Laos, southeast asia, asia, design, reuse, war, Secret War, Vietnam war, US bombs, communism, cycle touring, Mark Watson, Highlux photo, photography, travel photography

During an extended bicycle trip through the country, 40 years after the bombing campaign ended, photographer Mark Watson noticed something unusual. Everywhere he looked, he began to see scrap from the war being used in extraordinary ways.

Laos, southeast asia, asia, design, reuse, war, Secret War, Vietnam war, US bombs, communism, cycle touring, Mark Watson, Highlux photo, photography, travel photography

These metallic reminders of a horrific period have become a commodity in Laos that is gathered, sold, and reworked for use in everyday life. “Scrap from such widespread bombing has been utilized in people’s homes and villages,” Watson said, “for everything from house foundations to planter boxes to buckets, cups and cowbells.”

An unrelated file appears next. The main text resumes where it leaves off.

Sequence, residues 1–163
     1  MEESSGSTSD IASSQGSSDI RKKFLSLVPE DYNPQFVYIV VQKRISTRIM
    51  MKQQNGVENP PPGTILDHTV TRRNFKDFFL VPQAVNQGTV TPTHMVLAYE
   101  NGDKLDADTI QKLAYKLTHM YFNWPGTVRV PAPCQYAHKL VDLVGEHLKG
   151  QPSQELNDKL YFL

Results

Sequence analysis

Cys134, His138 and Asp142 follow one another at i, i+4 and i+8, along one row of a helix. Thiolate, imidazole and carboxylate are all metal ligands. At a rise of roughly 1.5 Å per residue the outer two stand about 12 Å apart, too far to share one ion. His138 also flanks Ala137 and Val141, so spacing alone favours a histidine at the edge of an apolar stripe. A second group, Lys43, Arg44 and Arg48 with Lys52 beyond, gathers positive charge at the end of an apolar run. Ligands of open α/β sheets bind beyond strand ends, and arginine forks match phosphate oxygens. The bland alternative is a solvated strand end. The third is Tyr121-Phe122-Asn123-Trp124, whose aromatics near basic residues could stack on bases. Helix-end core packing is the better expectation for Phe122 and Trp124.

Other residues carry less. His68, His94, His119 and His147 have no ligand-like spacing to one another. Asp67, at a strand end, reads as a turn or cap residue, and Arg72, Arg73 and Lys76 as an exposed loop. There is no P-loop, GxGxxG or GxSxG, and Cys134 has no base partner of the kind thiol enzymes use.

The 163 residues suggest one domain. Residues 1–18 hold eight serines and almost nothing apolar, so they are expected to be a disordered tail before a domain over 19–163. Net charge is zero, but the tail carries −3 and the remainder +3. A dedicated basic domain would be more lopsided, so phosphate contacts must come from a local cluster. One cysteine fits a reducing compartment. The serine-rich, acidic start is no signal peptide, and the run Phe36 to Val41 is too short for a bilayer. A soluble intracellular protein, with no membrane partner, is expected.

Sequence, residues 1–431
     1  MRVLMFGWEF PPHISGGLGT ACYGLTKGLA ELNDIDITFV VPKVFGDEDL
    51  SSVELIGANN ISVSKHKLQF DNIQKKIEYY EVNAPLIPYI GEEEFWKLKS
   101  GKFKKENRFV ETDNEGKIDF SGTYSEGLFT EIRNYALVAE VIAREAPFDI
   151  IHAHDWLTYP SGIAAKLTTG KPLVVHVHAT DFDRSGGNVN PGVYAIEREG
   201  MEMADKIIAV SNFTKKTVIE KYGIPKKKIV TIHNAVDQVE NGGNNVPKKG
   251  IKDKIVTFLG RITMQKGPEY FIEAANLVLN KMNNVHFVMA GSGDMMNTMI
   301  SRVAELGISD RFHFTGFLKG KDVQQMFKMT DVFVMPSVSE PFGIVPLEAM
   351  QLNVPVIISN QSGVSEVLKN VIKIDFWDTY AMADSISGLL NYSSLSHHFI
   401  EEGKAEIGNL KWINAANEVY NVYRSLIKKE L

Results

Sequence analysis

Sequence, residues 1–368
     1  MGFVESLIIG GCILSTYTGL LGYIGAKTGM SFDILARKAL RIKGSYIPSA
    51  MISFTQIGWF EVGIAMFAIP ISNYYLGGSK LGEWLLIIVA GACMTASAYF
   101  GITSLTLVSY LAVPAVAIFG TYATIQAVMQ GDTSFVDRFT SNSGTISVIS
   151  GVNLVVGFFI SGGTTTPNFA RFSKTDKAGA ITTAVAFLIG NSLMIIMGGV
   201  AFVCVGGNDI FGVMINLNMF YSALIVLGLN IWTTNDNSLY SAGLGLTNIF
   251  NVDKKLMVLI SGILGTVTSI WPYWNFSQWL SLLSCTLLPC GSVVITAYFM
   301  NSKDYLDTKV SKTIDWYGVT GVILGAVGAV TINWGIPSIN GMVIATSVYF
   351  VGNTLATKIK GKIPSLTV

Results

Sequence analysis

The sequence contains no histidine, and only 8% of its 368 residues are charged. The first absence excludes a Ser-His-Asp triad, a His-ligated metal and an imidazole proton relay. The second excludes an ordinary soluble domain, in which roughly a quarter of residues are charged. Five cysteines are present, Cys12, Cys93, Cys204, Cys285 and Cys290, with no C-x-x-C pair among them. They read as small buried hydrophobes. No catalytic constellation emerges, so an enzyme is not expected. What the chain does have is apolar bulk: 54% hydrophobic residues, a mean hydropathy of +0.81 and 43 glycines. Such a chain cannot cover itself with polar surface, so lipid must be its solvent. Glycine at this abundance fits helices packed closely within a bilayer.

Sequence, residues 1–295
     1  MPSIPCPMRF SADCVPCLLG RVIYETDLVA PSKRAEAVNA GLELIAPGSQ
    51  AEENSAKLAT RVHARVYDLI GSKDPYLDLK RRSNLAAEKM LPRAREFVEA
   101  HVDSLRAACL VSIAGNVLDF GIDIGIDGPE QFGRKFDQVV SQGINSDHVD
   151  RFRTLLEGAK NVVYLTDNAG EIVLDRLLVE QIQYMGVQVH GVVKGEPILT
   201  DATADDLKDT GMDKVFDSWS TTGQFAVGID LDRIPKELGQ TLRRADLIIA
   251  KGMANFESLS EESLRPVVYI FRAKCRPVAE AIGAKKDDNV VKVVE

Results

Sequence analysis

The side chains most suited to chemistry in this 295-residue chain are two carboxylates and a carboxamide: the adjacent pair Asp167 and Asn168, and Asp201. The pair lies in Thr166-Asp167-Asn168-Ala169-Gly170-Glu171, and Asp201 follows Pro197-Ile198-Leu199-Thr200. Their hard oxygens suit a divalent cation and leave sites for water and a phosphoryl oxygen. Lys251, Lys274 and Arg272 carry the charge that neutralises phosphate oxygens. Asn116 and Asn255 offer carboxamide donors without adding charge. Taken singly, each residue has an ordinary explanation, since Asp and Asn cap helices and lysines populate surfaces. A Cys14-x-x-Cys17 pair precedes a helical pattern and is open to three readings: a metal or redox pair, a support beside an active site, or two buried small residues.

Related: Help to transform weapons of conflict into wearable symbols of peace

Gathering bomb scrap is a dangerous occupation. More than 80 million bombs didn’t detonate when they were dropped and Laotians still experience an average of two casualties per week from live bombs and mines. There are several NGOs working to clear the bombs, but at the current rate it will take more than 100 years to find and remove all of them. While most Americans don’t know this war ever happened, the people of Laos are unable to escape the physical reminders, which have become a permanent part of their lives and their landscape.

+ Highlux Photo

Via Discovery

Images via Mark Watson / Highlux Photo